By mid-June 1919, however, Armenia succeeded in establishing control over Nakhchivan. The fall of the Aras republic triggered an invasion by the regular Azerbaijani army and by the end of July, Armenian troops were forced to leave Nakhchivan City to the Azeris. The British decided to withdraw from the region in mid-1919. Still, fighting between Armenians and Azeris continued and after a series of skirmishes, a ceasefire agreement was concluded. However, the ceasefire lasted only briefly, and by early March 1920, more fighting broke out. In July 1920, the Red Army invaded and occupied the region. On February 9, 1924, the Soviet Union officially established the Nakhchivan ASSR. Its constitution was adopted on April 18, 1926.

Doomsday

Azerbaijan itself was hit hard as its capital city, Baku, and the surrounding region, were destroyed by nuclear strikes. The city of Ganja was also hit. After Baku was destroyed a tsunami from a missile that had been slightly off course and landed in the Caspian destroyed even more in the immediate area. Later radioactive rain storms affected all the country and an influenza epidemic attacked the country like most of the former USSR. The majority of the military present in the republic, being stationed in the area of Baku, was also destroyed in these strikes. Later on the 29th of December 1985, the Republic of Azerbaijan was established with the capital in Agsu. Nakhchivan was part of this state, if barely.

As for Armenia, the capital of Yerevan and the nuclear power plant at Metsamor were the only points hit - and the military largely left intact.

Post-Doomsday

Due to the effects of Doomsday, the area was left largely on its own from the rest of Azerbaijan. It would be raided by Turkish brigands to the Northwest, but was able to repel these militants on its own fairly easily.

Nagorno-Karabakh War

The Nagorno-Karabakh War was an armed conflict that took place from February 1992 to May 1994, in the small enclave of Nagorno-Karabakh in southwestern Azerbaijan, between the majority ethnic Armenians of Nagorno-Karabakh backed by the Republic of Armenia, and the Republic of Azerbaijan. As the war progressed, Armenia and Azerbaijan, both former Soviet Republics, entangled themselves in a protracted war in the mountainous heights of Karabakh as Azerbaijan attempted to curb the secessionist movement in Nagorno-Karabakh and prevent its cession to Armenia. Azerbaijan was aided by Nakchivan in the struggle, and some fighting occurred there as well. The enclave's parliament had voted in favor of uniting itself with Armenia and a referendum was held, and the vast majority of the Karabakh population voted in favor of independence. The demand to unify with Armenia, which proliferated in the late 1980s, had begun in a relatively peaceful manner; however, in the following months, it gradually grew into an increasingly violent conflict between ethnic Armenians and ethnic Azerbaijanis, resulting in claims of ethnic cleansing by all sides.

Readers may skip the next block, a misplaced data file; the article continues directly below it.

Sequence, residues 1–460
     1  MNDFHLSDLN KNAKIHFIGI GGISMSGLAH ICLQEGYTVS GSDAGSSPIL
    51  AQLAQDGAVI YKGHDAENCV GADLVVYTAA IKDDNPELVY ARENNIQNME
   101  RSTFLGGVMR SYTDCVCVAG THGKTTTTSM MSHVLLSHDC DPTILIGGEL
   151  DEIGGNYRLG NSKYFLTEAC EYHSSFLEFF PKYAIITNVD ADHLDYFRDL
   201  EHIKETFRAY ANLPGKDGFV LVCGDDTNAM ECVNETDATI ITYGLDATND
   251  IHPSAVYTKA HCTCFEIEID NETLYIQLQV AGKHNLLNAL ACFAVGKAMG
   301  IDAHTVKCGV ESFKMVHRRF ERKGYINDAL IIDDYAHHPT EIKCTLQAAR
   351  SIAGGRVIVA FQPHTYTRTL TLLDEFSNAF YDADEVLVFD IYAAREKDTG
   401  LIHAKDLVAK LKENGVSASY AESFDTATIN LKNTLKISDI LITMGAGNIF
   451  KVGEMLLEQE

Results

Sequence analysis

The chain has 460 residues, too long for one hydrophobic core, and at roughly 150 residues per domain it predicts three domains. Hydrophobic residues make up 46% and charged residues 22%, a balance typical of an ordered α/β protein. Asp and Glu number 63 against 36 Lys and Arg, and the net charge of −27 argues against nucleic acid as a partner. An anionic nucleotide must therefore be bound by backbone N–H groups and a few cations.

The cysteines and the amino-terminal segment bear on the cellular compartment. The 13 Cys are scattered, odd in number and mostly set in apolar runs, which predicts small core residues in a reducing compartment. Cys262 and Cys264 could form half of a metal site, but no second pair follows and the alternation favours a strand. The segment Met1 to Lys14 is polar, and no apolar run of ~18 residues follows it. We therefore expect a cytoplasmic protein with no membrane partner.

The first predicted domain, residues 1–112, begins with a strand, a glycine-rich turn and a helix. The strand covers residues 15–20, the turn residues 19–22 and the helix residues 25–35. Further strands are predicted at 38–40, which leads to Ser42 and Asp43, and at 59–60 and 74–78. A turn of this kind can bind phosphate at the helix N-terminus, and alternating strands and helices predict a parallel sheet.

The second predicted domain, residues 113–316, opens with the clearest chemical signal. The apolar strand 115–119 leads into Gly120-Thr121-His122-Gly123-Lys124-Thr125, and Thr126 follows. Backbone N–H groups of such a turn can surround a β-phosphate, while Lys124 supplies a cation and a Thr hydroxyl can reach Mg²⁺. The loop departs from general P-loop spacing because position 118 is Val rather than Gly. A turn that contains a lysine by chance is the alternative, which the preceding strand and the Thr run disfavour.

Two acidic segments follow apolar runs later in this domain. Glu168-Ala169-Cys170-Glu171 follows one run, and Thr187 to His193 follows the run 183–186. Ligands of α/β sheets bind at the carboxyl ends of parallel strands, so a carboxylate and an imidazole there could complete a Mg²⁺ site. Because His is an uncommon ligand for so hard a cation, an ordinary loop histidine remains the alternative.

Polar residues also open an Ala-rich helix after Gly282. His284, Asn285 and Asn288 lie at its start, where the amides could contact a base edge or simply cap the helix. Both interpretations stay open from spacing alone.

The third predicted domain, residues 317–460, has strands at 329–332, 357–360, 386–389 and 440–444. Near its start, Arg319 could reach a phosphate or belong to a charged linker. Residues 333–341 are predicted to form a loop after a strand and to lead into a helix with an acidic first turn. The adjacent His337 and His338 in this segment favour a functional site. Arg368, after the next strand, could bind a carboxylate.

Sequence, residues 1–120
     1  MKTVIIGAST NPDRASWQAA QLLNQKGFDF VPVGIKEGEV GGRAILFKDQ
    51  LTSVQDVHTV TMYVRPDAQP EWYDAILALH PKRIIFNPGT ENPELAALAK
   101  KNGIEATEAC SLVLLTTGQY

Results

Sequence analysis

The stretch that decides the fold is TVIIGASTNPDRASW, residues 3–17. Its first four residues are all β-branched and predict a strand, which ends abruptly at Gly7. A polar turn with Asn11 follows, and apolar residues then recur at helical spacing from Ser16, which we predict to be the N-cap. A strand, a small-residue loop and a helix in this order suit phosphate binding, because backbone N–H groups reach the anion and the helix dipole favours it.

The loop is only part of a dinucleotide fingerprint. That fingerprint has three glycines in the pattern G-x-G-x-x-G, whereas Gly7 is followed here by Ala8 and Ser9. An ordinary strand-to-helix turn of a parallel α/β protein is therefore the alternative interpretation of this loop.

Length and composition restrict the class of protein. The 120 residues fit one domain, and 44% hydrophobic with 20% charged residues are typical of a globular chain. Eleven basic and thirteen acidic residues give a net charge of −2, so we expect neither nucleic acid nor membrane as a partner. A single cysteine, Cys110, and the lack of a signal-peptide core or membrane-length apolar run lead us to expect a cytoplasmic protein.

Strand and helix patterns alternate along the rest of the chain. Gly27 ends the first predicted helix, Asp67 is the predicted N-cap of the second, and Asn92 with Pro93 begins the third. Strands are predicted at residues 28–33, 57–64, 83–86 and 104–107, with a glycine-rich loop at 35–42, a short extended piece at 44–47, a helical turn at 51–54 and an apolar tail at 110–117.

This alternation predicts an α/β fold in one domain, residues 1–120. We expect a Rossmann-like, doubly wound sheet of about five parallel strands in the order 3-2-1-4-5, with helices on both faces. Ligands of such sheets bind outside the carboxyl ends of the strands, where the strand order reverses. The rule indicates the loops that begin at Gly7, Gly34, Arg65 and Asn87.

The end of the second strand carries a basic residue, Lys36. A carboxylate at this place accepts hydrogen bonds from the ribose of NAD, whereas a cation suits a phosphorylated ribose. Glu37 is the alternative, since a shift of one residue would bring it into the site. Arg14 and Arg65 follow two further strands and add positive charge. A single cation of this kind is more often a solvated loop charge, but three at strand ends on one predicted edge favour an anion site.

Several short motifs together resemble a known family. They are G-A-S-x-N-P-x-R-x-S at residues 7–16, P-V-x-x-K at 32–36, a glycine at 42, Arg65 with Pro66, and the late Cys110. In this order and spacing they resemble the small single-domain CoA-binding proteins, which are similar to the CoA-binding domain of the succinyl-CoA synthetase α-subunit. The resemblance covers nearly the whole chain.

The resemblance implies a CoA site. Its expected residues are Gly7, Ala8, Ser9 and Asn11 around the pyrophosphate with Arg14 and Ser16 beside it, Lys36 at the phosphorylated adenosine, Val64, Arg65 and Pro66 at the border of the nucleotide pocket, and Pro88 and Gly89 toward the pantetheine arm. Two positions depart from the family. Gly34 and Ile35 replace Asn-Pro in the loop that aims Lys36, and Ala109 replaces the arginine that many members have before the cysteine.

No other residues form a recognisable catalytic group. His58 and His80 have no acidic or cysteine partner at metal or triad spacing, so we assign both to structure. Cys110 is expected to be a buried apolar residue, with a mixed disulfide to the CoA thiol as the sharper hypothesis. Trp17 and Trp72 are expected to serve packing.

Inter-ethnic fighting between the two broke out shortly after the parliament of Nagorno-Karabakh voted to unify the region with Armenia on February 20, 1988. The declaration of secession from Azerbaijan was the final result of a territorial conflict regarding the land. Low-level warfare soon began. And, with much of the military resources in Azerbaijan having been in and around Baku at doomsday - and thus having been destroyed - they fared much worse in these engagements than their Armenian foes, despite their advantage in numbers.